Wednesday, June 27, 2007

SUSHI - SharePoint Utility with a Smart, Helpful Interface

Note, the SUSHI project has now moved to codeplex at

I proudly announce the public release of SUSHI (SharePoint Utility with a Smart, Helpful Interface). This Smart Client Utility offers powerful tools for common SharePoint management tasks with refreshing ease-of-use.

Documentation for the utility and downloads can be found here:

The SharePoint document utility is in use at several large clients that I have worked at, and several other consultants at my company have worked at.

This utility is free and the source code has also been posted for free download. The documentation site is a public wiki, so I hope to build a community around SUSHI and get lots of participation. I hope that fellow SharePoint administrators will add their own features and improve existing features so that the utility matures and increases in usefulness.


Friday, June 15, 2007

Google code search

Ever used Google code search? I’ve found a lot of good SharePoint code. Just searching for the Sharepoint namespace “using Microsoft.SharePoint;” you get lots of good practical examples.

Sometimes a line of code is worth a thousand MSDN explanations.

Here is a great example of rendering a SharePoint webpart by overriding the CreateChidControls() and RenderWepPart() methods.

Wednesday, June 13, 2007

Developing WebParts for SharePoint

Here are the tips I wish I had known before this week and this is what I learned so that you won't have to go throught the same pain when learning to build Webparts in SharePoint.

-Ted Pattison has the best screencasts on SharePoint that I have found. He is also very funny. I insist that you watch the "Building ASP.NET Web Parts for Windows SharePoint Services 3.0" as your first step to learning how to build a SharePoint webpart! Setup your environment as detailed below, and then walk through Ted's demo with him. IMPORTANT TIP. Make sure you DOWNLOAD the screencast (right click and save target as) so that you can pause and rewind the video as he walks through it. This video is the key to the difference between frustration and success!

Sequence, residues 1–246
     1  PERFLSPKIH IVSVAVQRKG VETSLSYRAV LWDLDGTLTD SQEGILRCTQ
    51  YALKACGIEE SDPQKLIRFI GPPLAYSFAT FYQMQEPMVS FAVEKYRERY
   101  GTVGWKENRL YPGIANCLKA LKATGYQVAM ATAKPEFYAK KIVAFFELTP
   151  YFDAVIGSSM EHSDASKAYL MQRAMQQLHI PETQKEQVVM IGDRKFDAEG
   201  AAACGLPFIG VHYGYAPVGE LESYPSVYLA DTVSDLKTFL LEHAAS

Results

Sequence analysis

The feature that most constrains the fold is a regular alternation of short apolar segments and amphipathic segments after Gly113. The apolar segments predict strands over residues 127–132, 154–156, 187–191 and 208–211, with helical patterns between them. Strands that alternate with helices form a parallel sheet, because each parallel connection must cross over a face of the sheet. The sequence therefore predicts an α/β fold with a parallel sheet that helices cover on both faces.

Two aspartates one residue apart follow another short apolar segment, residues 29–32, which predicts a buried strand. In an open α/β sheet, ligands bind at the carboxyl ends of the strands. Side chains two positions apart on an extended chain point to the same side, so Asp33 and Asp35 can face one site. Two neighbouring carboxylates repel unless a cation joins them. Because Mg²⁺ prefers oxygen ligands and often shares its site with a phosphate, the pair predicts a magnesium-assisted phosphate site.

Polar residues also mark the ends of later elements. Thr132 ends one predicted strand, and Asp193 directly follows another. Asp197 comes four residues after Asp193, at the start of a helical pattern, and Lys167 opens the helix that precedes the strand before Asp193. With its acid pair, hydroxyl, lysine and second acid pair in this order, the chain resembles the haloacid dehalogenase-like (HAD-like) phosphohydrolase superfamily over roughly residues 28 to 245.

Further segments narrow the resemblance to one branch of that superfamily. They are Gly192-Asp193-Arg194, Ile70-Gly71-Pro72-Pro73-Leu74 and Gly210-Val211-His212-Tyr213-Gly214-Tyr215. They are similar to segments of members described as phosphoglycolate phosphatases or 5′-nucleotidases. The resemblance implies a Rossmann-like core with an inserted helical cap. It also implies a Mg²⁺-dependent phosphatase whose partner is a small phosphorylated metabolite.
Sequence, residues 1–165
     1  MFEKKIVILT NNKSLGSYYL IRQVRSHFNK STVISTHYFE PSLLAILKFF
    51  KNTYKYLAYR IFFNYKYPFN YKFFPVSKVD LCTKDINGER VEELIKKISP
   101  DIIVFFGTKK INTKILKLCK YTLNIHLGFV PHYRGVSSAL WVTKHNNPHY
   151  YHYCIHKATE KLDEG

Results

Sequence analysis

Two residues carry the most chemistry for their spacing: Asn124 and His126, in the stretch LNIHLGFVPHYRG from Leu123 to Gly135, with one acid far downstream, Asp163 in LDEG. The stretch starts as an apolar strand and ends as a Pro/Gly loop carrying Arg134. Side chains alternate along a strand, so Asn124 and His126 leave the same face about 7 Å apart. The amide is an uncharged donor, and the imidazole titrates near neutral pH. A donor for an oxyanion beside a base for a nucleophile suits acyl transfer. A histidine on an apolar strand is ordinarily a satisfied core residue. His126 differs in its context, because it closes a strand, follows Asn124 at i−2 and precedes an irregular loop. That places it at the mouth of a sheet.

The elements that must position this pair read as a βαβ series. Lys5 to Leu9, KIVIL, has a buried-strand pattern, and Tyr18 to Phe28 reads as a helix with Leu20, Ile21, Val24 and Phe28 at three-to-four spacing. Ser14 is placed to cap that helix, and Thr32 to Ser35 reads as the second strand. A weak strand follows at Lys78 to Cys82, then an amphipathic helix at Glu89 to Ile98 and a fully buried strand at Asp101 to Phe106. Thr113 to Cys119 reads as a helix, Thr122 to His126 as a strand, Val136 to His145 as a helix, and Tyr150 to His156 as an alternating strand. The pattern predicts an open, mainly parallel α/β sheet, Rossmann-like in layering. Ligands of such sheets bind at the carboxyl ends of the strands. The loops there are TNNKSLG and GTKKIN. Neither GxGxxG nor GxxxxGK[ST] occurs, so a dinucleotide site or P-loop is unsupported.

-Download The latest SDK for Sharepoint WSS 3.0. Open up the help file WSS3sdk.chm, and start with the "Walkthrough: Creating a Basic SharePoint Web Part" (After you've gone through Ted Pattison's Screencast). The corresponding article online at MSDN appears to have lots of errors, so I recomment opening the one in the WSS3sdk.chm.

-For debugging webparts, make sure you have customerrors=off in your web.config file. The key to debugging webparts is having Visual studio installed on the same machine as Sharepoint, so that you can set breakpoints and actively debug your code. Copying the Sharepoint DLLs isn't enough, that will at least let you compile and use intellisense, but to debug, VS and Sharepoint have to be on the same box. You may need to set up a virtual machine since you probabaly don't have sharepoint set up on your laptop and you don't have a spare $2,000 to buy a physical server.
+another tip from Ted Pattison: set your Visual Studio project so that the output builds to the bin directory of your sharepoint website. for example:
However, if you are building a webpart that needs elevated trust, you have to deploy it to the GAC. Here is a nifty trick to automatically deploy to the gac using a post-build script (project properties withing Visual Studio)
C:\WINDOWS\system32\dllcache\gacutil.exe /i I:\VSSworking\I.root\timelineXmlWebpart\bin\Debug\timelineXmlWebpart.dll

Thursday, June 07, 2007

Tips for making your Virtual Machine run faster

Here is a wonderful, concise article on making your Virtual Machine run faster.

Ever considered turning OFF your page file. This option blew my mind. That sounded to me like someone saying "have you ever tried removing your processor". But I'm going to try it..

Monday, June 04, 2007

create a windows service

If you’ve ever wanted to create a windows service. Don’t go to MSDN, go to this post at The post was written in 2003, but nothing has changed as of today using Visual Studio 2005. It is very straightforward, and in the case of setup projects, a picture is worth a 1000 words. You'll have created your own windows service in just a few minutes. Cool. Lots of applications for services..

Saturday, June 02, 2007


Even if you don't care a lick about Ruby, you should read Why’s (Poignant) Guide to Ruby. It is by far the most facinating (and freaky) technical book I've ever read.